See an icicle grow

<Timelapse of a growing icicle>This icicle appeared outside my window last week. Icicles look still, but as you can see from the time-lapse in the photo, they’re constantly on the move. This one shifted sideways as well as growing substantially throughout the day. My camera was on a tripod, so all the movement you see is real – as are the amazing colours reflected through the icicle as the day goes by.

Saint-Jean-de-Sixt does get the odd icicle, but they rarely last long at such a low altitude (the village is around 900 metres above sea level). Indeed, this one smashed before 8pm despite the cooler evening weather. It had grown for almost two days from the snow melting off the roof, and eventually became too heavy for the weakened, warming roof snow to support.

Even frozen stuff isn’t truly frozen.

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I'm a technical author, journalist and writer from Australia who has been living in Europe since 2000 and exploring the world from there. My passions are writing, snow sports and travel.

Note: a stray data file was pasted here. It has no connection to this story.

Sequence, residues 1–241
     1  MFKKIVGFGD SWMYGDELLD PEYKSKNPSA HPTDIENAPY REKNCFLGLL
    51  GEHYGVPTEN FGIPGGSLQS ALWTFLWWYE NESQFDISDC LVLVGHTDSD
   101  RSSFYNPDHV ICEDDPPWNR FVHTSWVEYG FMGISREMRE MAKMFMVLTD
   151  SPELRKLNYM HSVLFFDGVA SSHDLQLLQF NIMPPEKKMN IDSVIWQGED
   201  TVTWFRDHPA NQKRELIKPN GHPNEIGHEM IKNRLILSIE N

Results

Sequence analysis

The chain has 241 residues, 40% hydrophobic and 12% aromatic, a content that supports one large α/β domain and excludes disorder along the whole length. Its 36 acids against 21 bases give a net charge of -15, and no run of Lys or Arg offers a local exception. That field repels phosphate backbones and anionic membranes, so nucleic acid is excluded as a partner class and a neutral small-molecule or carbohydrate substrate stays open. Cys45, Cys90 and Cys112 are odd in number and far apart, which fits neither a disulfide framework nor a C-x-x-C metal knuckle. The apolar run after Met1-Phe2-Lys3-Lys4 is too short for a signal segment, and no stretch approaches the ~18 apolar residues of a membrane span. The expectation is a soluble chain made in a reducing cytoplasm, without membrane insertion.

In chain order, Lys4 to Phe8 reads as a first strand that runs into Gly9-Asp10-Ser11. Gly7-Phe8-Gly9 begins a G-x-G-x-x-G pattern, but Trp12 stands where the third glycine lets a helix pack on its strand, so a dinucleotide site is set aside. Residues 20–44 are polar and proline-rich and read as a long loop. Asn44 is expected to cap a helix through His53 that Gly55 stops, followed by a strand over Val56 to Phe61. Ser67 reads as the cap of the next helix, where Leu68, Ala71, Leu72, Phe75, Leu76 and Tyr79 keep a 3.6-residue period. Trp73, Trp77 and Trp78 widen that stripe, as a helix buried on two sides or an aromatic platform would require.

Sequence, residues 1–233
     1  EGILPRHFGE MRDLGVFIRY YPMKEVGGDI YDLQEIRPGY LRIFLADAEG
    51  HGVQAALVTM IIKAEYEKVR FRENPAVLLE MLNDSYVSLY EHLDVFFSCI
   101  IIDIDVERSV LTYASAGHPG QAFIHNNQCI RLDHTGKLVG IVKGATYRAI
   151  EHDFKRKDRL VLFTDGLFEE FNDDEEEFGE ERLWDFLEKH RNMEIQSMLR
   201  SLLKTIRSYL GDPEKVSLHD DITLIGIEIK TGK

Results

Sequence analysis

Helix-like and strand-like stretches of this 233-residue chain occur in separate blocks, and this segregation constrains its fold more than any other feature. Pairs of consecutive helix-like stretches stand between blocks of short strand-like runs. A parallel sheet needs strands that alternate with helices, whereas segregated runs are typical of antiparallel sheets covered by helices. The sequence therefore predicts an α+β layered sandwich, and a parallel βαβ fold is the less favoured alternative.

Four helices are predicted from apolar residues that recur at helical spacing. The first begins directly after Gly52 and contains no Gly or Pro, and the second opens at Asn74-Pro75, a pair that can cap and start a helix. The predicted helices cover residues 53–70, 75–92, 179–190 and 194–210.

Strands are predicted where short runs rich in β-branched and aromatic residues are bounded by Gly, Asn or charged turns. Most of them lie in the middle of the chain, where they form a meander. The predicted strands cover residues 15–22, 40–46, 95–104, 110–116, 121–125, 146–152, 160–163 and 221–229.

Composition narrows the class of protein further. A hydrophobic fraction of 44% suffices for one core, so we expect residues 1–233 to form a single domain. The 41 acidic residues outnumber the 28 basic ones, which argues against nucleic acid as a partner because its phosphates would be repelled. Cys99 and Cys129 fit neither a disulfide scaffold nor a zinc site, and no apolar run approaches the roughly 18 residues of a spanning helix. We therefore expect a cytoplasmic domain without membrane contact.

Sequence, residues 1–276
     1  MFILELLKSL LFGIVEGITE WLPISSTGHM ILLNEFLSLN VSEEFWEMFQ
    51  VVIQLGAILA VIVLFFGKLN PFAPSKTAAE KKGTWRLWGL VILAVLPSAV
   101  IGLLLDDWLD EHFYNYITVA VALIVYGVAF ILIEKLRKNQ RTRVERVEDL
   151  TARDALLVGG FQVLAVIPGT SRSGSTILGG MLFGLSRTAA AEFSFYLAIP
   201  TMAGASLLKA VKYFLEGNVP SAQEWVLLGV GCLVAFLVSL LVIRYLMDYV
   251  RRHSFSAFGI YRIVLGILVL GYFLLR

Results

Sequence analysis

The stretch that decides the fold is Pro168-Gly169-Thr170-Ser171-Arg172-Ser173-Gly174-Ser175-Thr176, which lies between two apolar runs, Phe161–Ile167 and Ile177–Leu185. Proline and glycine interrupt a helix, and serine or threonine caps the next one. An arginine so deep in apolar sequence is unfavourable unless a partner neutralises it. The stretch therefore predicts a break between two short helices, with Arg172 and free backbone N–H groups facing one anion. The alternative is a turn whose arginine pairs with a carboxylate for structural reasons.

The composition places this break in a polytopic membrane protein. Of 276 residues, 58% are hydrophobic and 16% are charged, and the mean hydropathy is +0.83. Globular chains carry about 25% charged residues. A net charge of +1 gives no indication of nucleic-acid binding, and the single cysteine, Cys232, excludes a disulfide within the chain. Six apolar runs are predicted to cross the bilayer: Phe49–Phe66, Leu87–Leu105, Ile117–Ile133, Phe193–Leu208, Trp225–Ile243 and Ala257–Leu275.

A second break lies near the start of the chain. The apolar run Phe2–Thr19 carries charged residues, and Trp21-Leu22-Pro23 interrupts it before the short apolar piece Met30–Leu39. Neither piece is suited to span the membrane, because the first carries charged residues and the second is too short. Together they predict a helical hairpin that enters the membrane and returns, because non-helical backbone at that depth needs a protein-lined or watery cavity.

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3 comments on “See an icicle grow
  1. Emm says:

    What a great series of photos. It makes perfect sense but I never realised that icicles must grow like that in their lifetime. Very cool.

  2. Sab says:

    Very nice idea, and a fascinating study in light changes too. At first I thought you’d zoomed in half way through, then realised that was the skiing break (hard life) and that it had grown amazingly!

  3. Wendy says:

    Thanks to both of you. Yeah, it was a toss-up of lifestyle or SLR with built-in time delay. I miss the time delay… 😀

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About me

Wendy Hollands writer in Annecy, France

I'm an experienced technical writer based in the French Alps. I enjoy learning French language nuances, winter sports and travel. Drop by, my other site.

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